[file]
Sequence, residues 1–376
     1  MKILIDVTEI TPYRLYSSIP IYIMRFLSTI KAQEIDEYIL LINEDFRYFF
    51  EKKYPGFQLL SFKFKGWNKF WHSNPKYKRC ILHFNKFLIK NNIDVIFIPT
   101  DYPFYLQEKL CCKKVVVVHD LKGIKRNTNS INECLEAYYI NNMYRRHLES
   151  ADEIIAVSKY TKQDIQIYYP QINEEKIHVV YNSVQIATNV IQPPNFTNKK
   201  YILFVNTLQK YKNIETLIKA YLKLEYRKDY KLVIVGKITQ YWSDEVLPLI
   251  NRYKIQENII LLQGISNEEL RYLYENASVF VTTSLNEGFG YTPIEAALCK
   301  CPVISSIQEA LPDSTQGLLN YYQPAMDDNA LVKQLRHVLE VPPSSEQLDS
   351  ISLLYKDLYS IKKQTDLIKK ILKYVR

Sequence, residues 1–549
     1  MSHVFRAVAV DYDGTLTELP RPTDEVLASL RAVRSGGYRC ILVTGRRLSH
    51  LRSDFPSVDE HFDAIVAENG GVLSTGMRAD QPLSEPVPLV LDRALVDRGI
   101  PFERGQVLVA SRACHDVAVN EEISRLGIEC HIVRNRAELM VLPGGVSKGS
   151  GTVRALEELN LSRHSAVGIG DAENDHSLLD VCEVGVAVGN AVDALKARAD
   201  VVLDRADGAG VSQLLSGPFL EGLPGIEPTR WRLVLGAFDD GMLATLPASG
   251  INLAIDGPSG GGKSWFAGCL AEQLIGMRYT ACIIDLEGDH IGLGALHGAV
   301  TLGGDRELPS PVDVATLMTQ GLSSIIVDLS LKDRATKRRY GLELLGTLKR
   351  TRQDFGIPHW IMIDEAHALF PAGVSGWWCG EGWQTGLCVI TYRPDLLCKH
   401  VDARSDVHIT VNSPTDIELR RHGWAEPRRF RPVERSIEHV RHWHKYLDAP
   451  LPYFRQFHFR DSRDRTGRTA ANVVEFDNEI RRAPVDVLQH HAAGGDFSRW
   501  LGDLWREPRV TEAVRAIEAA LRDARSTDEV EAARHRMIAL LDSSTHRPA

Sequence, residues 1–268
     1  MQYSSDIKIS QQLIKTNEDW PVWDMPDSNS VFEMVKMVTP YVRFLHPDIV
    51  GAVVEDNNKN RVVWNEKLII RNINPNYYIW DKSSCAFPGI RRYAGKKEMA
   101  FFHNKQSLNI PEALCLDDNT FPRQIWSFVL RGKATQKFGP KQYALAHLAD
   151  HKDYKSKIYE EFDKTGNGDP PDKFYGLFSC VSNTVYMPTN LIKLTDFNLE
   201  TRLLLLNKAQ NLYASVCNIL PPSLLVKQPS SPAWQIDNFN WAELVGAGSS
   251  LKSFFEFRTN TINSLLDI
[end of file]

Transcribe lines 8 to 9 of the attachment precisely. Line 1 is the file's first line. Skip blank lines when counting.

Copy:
   301  CPVISSIQEA LPDSTQGLLN YYQPAMDDNA LVKQLRHVLE VPPSSEQLDS
   351  ISLLYKDLYS IKKQTDLIKK ILKYVR